There is limited evidence that e-cigarettes encouraged smoking in teenagers in the years after they came on the market, a study has concluded.
Researchers looked at whether the proliferation of e-cigarette products between 2010 and 2015 led to increased acceptance of smoking behaviours (a process known as renormalisation) and therefore increased cigarette use.
The percentage of students who described trying a cigarette as ‘OK’ fell from 36% in 2003 to 14% in 2014.
Positive perceptions of smoking declined at the fastest rate post-2010, when e-cigarette use started to increase in the UK, with fewer students saying that trying smoking or smoking weekly was ‘OK’.
The number of pupils who had ever tried smoking fell from 60% to 19% between 1998 and 2015.
Although the rate of decline of pupils having ever smoked was not significant post-2010, there was a small but significant rate decline in pupils who smoked weekly or more regularly between 2011 and 2015.
The researchers said there was little evidence to suggest that the increasing prevalence of e-cigarette use and limited regulation of e-cigarettes contributed to increased youth smoking and positive perceptions of cigarettes.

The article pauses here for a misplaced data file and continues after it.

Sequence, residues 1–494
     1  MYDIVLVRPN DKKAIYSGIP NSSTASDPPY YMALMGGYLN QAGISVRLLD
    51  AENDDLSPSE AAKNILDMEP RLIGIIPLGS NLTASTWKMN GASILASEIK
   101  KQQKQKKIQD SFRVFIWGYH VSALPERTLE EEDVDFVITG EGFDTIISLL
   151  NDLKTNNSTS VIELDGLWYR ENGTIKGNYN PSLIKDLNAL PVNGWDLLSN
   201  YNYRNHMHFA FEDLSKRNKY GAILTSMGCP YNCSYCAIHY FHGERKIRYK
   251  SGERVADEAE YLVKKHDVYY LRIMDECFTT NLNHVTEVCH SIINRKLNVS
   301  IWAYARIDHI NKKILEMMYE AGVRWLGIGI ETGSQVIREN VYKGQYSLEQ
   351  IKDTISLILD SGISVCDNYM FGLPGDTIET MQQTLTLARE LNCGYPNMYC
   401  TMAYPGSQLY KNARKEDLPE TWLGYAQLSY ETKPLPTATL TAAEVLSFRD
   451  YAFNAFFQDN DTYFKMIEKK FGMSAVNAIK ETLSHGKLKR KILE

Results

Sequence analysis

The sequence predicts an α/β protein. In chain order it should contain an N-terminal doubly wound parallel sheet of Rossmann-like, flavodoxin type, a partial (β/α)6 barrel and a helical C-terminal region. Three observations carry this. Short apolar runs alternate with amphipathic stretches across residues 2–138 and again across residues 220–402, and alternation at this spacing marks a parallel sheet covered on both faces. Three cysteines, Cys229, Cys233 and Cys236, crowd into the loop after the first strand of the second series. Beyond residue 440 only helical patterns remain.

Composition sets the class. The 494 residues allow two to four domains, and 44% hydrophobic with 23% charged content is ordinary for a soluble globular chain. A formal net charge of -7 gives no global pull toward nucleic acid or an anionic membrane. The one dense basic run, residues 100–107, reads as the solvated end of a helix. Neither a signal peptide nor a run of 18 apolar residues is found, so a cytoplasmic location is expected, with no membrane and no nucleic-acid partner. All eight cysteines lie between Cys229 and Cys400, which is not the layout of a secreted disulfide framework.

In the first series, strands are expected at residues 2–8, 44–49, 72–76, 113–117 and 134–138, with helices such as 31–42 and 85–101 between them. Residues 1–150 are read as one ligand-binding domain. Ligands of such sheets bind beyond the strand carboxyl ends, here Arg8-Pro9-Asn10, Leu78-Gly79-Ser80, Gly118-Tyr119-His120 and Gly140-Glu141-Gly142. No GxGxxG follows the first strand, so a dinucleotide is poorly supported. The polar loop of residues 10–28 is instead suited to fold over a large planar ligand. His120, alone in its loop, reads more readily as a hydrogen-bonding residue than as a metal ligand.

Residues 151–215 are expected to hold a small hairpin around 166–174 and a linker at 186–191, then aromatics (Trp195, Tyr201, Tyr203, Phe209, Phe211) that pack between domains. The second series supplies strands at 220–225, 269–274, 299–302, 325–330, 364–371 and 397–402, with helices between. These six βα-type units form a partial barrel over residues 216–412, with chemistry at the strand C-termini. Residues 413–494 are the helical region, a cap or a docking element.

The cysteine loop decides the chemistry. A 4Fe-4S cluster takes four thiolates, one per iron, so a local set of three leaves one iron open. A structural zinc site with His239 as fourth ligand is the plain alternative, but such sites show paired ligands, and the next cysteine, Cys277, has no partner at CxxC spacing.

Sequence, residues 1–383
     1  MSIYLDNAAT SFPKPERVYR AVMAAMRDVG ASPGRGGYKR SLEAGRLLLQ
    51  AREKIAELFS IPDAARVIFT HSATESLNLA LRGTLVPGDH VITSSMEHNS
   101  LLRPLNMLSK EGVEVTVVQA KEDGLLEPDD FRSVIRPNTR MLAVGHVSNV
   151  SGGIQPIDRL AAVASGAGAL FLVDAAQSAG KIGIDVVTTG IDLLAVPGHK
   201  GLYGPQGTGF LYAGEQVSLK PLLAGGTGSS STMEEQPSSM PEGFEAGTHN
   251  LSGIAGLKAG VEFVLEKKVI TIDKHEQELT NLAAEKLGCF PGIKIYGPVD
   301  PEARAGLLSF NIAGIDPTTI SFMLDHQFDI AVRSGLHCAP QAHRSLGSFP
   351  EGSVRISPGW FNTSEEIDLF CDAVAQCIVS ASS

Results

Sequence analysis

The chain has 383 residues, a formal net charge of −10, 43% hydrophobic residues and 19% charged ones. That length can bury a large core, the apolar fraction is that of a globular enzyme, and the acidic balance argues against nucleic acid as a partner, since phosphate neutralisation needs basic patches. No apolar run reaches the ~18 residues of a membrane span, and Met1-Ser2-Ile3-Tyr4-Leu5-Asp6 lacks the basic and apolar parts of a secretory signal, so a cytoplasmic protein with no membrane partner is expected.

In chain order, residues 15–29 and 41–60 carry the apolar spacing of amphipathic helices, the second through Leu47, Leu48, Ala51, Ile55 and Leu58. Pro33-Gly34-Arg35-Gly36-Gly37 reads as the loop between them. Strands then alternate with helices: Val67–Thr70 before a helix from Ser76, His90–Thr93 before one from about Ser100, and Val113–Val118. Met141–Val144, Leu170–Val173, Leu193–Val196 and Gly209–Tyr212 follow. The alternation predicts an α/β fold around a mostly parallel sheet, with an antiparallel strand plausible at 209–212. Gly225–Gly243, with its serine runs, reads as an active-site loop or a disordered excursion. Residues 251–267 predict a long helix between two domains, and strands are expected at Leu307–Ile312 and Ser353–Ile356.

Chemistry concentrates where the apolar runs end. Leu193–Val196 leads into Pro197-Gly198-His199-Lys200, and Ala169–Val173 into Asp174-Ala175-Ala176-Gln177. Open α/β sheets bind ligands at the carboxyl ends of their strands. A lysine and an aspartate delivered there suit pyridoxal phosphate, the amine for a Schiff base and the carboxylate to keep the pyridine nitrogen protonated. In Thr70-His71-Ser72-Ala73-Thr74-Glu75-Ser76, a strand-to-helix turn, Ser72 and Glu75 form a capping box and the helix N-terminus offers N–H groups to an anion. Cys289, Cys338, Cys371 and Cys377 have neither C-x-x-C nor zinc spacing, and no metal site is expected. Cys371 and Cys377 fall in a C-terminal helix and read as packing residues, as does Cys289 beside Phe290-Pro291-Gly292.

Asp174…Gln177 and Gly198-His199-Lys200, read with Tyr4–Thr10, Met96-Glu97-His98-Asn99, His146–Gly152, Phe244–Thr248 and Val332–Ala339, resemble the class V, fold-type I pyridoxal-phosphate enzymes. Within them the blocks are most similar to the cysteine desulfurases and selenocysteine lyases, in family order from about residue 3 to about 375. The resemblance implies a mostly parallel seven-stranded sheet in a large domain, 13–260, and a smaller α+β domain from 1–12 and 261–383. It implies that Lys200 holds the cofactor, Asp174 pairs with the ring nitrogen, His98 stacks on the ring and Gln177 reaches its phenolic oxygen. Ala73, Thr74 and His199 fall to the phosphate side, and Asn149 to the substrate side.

They said in the paper: ‘Our results provide little evidence that renormalisation of smoking occurred during this period.
‘Newer products entering the market have been described by some as showing particular popularity among young people in the USA. Hence, while neither widespread regular youth vaping, nor the renormalisation of smoking, appear to have occurred during the period investigated here, ongoing monitoring of young people’s e-cigarette use, and links to smoking, remains a public health priority.’
Research published in 2017 suggested that teenagers were more likely to start smoking cigarettes after trying e-cigarettes.
But NICE backed e-cigarette use in a 2018 update on stop-smoking interventions, recommending that GPs advise patients that ‘many people’ find them useful for giving up smoking.